the world is able to adopt policies that ultimately lead to the most vibrant
economies that those economies can have because we need it around the world."
The Fed and Bank of England have also embraced large-scale bond purchases in
an effort to boost growth, while the European Central Bank said on Thursday it
would keep policy loose for as long as necessary to revive the struggling euro
"I do think the Fed views the move in a favorable light," said Stephen
Oliner, a former senior Fed economist, adding that Fed Chairman Ben Bernanke
"wants the major central banks to support the global recovery".
But German Finance Minister Wolfgang Schaeuble said Japan's central bank
would not be able to boost growth on its own and urged the government to carry
out structural reforms.
"If monetary policy is used instead of financial and economic changes then
we run in the wrong way," he said.
The scope of Kuroda's overhaul presented major risks.
It could leave the central bank heavily exposed to government debt and
potentially huge losses if it failed to stoke inflation and investors lost faith
in its efforts to revive the economy.
"It is as if we've gone back to the quantitative easing of the 2000s," said
Hiroaki Muto, senior economist at Sumitomo Mitsui Asset Management in Tokyo.
"Targeting the monetary base will lead to a huge increase in current account
balances that commercial banks keep at the BOJ, but I'm still not sure if this
money will move through the economy."
The monetary base, or cash and reserves at the BOJ, already hit a record in
March, but the huge pile of money has failed to end deflation or boost wages.
Unprecedented easing may also provoke a currency war as other Asian
exporters try to stay competitive with a weaker yen.
Currency traders said they expected the dollar, last at 96.19 yen, could hit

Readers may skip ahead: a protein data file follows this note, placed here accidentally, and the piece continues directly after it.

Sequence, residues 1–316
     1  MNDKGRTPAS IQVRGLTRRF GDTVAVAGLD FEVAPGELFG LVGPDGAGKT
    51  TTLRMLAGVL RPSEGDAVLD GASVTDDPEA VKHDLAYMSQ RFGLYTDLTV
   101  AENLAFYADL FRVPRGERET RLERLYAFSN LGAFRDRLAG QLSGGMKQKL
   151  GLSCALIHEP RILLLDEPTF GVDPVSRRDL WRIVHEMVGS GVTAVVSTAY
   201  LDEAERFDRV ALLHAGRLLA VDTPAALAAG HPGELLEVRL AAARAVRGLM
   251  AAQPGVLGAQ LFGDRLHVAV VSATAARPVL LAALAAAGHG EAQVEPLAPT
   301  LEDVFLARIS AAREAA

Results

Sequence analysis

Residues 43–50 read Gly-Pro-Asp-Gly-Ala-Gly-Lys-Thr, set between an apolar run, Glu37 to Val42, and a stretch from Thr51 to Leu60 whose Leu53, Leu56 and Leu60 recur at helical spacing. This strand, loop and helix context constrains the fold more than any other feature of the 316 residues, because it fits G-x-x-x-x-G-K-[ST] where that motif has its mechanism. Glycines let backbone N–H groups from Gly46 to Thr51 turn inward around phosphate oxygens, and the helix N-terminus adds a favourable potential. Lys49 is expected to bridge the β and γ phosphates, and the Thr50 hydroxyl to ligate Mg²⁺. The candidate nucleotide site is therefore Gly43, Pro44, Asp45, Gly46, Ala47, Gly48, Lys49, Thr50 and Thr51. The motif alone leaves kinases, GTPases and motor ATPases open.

100 in the months ahead, a level it last reached four years ago.PERFECT ANSWER
The BOJ will buy 7.5 trillion yen of long-term government bonds per month,
roughly 70 percent of bonds sold in markets. It combined two bond-buying
schemes, its asset-buying and lending programme and the "rinban" market
operation, to buy longer-dated government bonds, including those with duration
of 40 years.
The central bank will also increase purchases of exchange-traded funds
(ETFs) by 1 trillion yen per year and real-estate trust funds (REITs) by 30
billion yen per year.
"I can say that the BOJ came up with a perfect answer in response to market
expectations," said Junko Nishioka, chief Japan economist at RBS Securities.
"Kuroda made good on his promise of boosting monetary easing in terms of
both volume and types of assets that the bank purchases."
Kuroda said the BOJ wanted to push down bond yields enough so that investors
will start buying riskier assets, such as property and stocks, and to prompt
households and companies to spend now rather than later on expectations of
The central bank temporarily scrapped a self-imposed rule of capping its
holdings of government bonds to the value of bank notes in circulation, despite
reservations by some board members that doing so could nudge it closer to
monetising public debt - or directly underwriting government borrowing.
Kuroda brushed aside concerns that excess money printing by the BOJ will sow
the seeds of an asset-price bubble, which was repeatedly mentioned by his
"I don't see a risk of a sudden spike in long-term interest rates or the
creation of an asset-price bubble," Kuroda said.